FAQ’s About Real Estate
Understanding How Agents Are Paid
- The income agents receive for representing buyers and sellers in a transaction is paid as a commission which is typically a percentage of the purchase price of the home.
- Agents usually are not employees. Therefore, the only compensation they receive is their commission.
- Agents receive a commission payment only after a transaction closes. If buyers and sellers do not close on a transaction, the agents do not get paid a commission. There are some exceptions that can apply to sellers who cancel a listing.
- If the property is listed on the MLS (Multiple Listing Service) most often the commission is paid by the seller to his listing agent, who then splits the commission with the buyer’s agent after closing.
- In most cases, both agents split their portion with their brokerage. Because agents are Independent Contractors and not employees, they pay for their own expenses out of the income they make. Typical expenses are: computers, cars, cameras, telephones, referral fees, advertising, education, taxes, social security, medical insurance, etc.
- In some cases, a buyer may compensate a buyer’s agent directly, but at no time can an agent receive compensation from more than one party without disclosing it to all the parties.
When real estate professional work with buyers and sellers, “agency” relationships are established. There are three kinds of agency relationships:
- Buyer’s Agent: represents the buyer during the home buying process. The buyer’s real estate professional (agent) has a fiduciary responsibility to represent the buyer’s best interests including reasonable care, loyalty and confidentiality.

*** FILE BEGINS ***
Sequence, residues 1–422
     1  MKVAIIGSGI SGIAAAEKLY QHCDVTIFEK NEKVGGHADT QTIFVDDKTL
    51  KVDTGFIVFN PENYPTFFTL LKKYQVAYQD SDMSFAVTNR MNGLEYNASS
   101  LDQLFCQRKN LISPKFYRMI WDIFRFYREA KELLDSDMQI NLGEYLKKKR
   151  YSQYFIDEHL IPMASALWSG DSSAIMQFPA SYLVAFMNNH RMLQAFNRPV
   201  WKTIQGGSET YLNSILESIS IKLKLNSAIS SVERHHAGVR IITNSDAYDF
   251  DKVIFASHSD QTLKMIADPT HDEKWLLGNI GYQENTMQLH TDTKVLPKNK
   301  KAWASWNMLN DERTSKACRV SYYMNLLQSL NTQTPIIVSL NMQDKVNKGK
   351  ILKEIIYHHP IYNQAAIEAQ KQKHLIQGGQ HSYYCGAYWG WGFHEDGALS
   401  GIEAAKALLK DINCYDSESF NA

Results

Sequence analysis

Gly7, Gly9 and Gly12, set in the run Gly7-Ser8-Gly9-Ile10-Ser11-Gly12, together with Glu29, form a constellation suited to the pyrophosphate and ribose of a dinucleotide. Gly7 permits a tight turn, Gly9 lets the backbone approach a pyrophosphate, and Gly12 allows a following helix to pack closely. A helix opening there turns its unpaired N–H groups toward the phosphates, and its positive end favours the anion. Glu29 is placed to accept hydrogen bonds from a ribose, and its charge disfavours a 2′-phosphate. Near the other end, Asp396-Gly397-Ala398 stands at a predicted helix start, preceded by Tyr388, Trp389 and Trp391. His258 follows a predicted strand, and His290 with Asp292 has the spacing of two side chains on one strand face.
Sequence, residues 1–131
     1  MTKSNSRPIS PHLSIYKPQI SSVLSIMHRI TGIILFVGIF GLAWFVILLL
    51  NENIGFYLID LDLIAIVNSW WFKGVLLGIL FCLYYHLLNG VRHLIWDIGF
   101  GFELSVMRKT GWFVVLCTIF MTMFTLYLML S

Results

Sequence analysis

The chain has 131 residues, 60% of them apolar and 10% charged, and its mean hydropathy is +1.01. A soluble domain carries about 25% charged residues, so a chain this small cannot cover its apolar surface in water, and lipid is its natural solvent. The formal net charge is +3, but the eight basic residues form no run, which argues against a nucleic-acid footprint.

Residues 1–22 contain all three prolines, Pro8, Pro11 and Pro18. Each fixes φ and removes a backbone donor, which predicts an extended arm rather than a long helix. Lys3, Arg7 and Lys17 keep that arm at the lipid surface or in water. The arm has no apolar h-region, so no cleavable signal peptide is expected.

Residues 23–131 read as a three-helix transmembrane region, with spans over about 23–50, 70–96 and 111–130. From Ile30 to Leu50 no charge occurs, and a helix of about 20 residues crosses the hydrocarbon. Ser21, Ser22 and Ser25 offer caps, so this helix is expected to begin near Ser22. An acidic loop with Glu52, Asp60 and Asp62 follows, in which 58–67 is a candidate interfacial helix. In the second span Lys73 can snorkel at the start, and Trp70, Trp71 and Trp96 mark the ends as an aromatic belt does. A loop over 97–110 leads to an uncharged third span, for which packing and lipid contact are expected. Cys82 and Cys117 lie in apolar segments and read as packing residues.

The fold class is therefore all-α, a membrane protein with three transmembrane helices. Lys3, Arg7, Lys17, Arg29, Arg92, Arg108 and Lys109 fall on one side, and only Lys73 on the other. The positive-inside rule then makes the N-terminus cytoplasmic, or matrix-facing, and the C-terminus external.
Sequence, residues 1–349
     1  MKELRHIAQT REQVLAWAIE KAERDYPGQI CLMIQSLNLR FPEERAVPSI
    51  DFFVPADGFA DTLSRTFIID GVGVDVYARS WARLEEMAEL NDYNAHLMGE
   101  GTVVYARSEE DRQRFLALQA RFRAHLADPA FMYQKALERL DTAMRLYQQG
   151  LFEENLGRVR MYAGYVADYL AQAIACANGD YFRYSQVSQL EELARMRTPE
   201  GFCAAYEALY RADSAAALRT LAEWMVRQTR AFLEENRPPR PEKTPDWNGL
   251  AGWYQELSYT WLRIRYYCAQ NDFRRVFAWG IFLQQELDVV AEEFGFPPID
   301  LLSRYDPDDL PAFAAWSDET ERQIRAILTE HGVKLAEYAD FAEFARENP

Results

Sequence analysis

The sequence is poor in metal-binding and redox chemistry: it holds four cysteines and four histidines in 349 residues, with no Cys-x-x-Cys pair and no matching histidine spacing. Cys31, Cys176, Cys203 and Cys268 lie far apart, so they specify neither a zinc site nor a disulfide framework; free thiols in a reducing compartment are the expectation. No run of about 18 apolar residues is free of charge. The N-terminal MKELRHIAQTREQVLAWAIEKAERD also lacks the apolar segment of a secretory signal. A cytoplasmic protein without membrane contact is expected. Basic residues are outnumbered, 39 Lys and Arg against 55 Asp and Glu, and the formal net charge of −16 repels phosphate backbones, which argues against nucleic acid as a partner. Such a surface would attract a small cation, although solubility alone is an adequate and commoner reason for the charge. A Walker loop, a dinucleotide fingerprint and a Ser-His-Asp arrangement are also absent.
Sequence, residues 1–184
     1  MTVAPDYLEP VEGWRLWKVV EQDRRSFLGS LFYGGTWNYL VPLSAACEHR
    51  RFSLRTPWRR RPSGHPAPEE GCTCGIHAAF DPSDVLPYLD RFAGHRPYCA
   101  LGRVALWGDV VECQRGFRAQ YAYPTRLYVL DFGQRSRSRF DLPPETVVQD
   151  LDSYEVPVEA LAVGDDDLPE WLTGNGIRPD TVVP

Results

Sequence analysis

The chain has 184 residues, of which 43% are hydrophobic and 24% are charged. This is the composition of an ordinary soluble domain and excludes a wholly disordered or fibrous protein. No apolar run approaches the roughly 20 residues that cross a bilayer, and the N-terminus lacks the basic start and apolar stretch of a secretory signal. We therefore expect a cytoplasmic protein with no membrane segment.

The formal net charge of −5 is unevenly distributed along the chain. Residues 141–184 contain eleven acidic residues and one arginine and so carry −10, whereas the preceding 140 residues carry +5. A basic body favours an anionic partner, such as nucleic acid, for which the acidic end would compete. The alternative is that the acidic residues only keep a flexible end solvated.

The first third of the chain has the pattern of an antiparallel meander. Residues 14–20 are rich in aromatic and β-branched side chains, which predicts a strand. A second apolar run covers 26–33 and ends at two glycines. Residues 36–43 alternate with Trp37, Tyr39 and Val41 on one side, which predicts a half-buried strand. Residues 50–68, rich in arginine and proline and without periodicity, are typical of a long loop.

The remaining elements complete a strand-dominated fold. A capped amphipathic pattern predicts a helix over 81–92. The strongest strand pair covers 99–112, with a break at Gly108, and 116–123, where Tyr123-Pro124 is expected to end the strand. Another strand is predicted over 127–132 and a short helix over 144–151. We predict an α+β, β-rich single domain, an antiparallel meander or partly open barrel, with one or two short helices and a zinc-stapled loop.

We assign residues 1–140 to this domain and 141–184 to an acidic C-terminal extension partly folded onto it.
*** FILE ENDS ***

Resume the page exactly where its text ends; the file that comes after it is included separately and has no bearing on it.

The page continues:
- Seller’s Agent: represents the interest of the seller and has fiduciary responsibility of reasonable care, loyalty, confidentiality and disclosure to the seller. A seller’s real estate professional (agent) works to assist the seller in locating a buyer and negotiating a transaction suitable to the seller’s specific needs.
- Dual Agent: represents the interests of both the buyer and the seller, during the same transaction. A dual agent has responsibilities to both buyer and seller and must act in the best interest of both parties.
A 1031 Exchange is a way of structuring a sale of certain kinds of property so that the seller’s profit or gain is not currently taxed. Instead, the property that is sold is replaced with another “like kind” property. If the transaction is properly structured, the seller’s profit or gain is deferred to a future date.
For real property exchanges under Section 1031, any property that is considered "real property" under the law of the state where the property is located will be considered "like-kind" so long as both the old and the new property are held by the owner for investment, or for active use in a trade or business, or for the production of income. (Source: Wikipedia)
Section 1031 of the U.S. Internal Revenue Code allows investors to defer capital gains taxes on the exchange of like-kind properties. 1031, or tax-deferred, exchanges hold great advantages for both investors and REALTORS®.
One of the things NAR (National Association of Realtors) does is publish a “Field Guide to 1031 Exchanges” which can be found at this link. You will find that this has a great deal of information to assist you in understanding real estate and exchanges.
Home Warranty Program
Berkshire Hathaway HomeServices Montana Properties has is working with the First American Home Buyers Protection Corporation to provide home sellers and buyers a home warranty plan. This can give home buyers an assurance knowing that many of the home’s major systems and appliances are covered. For home sellers the benefit can be a competitive edge for a faster sale, bargaining power to sell at a higher price or after-sale protection. Please contact a Berkshire Hathaway HomeServices Montana Properties agent or visit http://homewarranty.firstam.com for more information.